by Alisa Rose P.
Herbs are an easy and essential way to bring excitement and interest to any dish. They are aromatic and delicious, they run from sweet, warm flavors, to spicy and savory. Herbs have been used the world round by many cultures both for the flavor as well as their medicinal and magical properties, according to each tradition. Dried herbs and seasonings are still an essential part of any kitchen and healthy home, bringing flavor both to our food and to our lives. These five herbs are what I have found to be the five most useful, diverse and are a good place to start building your pantry.
I don’t know many people, if any, who don’t love a dash of cinnamon in their cookies, on their toast, over their cereal, swirled in their coffee… It’s warm and sweet flavors add a lingering warmth to desserts and mellow smoothness to savory stews and casseroles. Cinnamon hails from Bangladesh originally and is said to inspire motivation, clarity and comfort, as well as strengthen bonds between family and friends. Cinnamon also boosts your metabolism, helps with digestion and can help alleviate small headaches.
Rosemary’s bright flavors and distinct aroma makes any heavy dish come to life, bringing it out of the muddy mire of flat flavors. I prefer fresh Rosemary, which I have grown at every studio, apartment and house I have lived in. All it takes is a small sprig. Strip the green leaves and chop or add whole. Rosemary is said to offer protection and healing, along with clarity and focus. It also can relieve headaches, reduce swelling, improve memory and is naturally anti-bacterial. Rosemary can first be seen in archaeological records as growing in Asia and the Mediterranean, but has been internationally prolific for centuries and become a cornerstone in many recipes.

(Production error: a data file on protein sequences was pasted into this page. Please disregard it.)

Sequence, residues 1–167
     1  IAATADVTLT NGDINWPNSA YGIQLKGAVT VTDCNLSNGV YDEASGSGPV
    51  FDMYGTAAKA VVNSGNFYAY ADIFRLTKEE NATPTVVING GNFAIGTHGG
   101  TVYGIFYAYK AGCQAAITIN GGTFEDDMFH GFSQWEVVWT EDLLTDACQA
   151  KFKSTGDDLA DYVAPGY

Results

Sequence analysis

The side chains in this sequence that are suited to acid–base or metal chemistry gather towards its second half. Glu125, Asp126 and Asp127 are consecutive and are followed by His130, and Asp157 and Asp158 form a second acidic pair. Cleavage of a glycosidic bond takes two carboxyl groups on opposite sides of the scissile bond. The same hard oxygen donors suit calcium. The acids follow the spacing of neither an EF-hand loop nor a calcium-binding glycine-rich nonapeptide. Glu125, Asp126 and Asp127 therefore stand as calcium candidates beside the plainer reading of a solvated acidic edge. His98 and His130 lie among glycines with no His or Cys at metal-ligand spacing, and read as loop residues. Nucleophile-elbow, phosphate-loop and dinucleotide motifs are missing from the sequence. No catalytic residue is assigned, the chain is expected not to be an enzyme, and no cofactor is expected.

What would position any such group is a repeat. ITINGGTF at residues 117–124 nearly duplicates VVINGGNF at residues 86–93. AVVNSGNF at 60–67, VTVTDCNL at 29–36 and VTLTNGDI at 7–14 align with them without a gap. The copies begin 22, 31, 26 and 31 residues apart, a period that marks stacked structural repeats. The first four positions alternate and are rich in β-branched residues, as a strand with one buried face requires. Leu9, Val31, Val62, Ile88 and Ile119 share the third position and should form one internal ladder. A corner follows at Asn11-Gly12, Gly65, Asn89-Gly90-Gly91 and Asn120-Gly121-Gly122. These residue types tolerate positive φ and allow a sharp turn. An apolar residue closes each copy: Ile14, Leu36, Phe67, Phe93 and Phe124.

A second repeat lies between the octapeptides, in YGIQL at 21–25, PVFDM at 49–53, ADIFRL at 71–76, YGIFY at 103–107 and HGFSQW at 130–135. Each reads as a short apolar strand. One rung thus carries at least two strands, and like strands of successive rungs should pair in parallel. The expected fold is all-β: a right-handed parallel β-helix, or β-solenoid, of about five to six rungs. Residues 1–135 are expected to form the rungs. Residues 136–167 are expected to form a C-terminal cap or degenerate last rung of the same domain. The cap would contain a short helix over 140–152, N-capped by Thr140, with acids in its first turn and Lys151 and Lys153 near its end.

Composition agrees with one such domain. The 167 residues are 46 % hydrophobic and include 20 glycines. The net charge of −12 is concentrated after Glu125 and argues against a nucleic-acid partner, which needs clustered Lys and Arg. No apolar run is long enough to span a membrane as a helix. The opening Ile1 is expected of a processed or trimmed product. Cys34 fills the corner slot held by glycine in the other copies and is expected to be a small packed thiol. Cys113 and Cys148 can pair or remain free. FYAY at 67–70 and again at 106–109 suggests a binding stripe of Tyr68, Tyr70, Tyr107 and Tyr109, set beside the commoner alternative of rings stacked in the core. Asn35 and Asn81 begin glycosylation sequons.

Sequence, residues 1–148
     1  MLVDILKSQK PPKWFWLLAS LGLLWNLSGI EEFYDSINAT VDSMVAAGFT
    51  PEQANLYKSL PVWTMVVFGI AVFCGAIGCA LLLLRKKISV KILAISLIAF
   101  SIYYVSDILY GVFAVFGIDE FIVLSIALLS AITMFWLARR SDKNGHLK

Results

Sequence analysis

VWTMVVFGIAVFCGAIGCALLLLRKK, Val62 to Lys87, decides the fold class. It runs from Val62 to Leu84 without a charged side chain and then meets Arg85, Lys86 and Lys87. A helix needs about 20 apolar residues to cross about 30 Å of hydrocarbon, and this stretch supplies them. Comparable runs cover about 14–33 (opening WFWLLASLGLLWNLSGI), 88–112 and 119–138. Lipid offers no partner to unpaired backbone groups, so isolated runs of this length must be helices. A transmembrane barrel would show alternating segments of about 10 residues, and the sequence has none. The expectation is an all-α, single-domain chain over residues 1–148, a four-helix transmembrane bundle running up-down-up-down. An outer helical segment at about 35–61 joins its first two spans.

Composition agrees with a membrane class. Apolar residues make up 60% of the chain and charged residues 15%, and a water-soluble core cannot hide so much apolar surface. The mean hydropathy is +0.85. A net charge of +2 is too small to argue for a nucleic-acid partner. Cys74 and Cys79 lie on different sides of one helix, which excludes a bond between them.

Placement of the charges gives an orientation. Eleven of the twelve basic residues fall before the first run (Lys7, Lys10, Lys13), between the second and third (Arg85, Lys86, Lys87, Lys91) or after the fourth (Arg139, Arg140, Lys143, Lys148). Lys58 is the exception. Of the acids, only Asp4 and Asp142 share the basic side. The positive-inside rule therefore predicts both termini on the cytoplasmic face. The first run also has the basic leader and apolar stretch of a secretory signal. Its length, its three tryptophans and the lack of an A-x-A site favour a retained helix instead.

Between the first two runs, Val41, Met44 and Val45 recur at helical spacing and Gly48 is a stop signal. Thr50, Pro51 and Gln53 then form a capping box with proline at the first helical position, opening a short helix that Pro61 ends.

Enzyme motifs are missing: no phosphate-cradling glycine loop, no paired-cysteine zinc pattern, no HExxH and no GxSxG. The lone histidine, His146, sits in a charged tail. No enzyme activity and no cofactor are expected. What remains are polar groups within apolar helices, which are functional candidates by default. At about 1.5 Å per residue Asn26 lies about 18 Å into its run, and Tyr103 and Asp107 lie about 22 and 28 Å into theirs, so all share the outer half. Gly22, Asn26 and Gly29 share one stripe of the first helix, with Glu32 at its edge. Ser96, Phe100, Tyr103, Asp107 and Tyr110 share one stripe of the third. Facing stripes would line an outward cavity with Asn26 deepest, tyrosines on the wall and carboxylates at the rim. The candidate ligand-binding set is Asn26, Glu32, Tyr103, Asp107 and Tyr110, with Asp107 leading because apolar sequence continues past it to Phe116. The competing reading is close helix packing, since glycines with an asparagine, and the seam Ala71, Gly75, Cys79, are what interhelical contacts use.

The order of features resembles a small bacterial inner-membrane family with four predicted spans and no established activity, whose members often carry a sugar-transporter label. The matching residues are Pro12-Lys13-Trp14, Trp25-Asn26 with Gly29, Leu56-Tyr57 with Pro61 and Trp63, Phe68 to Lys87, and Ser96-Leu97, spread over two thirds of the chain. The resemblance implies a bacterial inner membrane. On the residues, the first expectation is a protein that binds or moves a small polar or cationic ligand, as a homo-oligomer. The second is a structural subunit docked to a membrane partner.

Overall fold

The peppy and almost spicy flavors of ginger can brighten up and add a fresh kick to both savory and sweet foods. Ginger, both fresh or powdered, can be added to a salad dressing, sprinkled onto stir-fry, blended in a smoothie, or brewed into tea for a pleasant zing. Indigenous to Asia, ginger is said to empower and bring good luck to those who eat it. Ginger also eases nausea and cramps, prevents colds, can boost the metabolism and is, apparently, an aphrodisiac.
The rich and full flavors of cumin add depth and punch to any savory dish. Whether as whole seed or in powder, cumin is diverse and fills any flavor “gaps” you might have in your food. Which, is probably why it was so popular in Mediterranean trading routes in ancient times, as it is native to Egypt, and still remains a common element in the kitchen. Cumin also tastes great sprinkled on fruit, believe it or not, and dashed into drinks like Margarita’s, Orange Juice or Watermelon Slush. Cumin is said to boost loyalty and bonds in personal relationships, offer positive energy to a home and help release negativity. Cumin also is rich in iron and helps in liver detoxification.
Roasted, raw, powdered, sauteed or ground. I have never had a dish that I regretted adding garlic to. Garlics mild spice, rich tones and smooth warmth makes every meal flavorful and cravably perfect. While Garlic’s early ancestors grew in Central Asia originally, it has long been prolific throughout the Western world and become a staple for many culinary traditions. Garlic is said to offer intense protection, healing and inspire romance. Garlic tablets can help lower cholesterol and blood pressure, prevents skin from wrinkling, and keeps mosquitos from biting.
NOTE: I did not include Salt and Pepper, as these are counter top basics and seemed too obvious…. I also avoided my spicy essentials like chili flakes, allspice and chipotle powder for those who are less inclined. That’ll be a separate post perhaps 😉
So, tell me, what are you pantry essentials?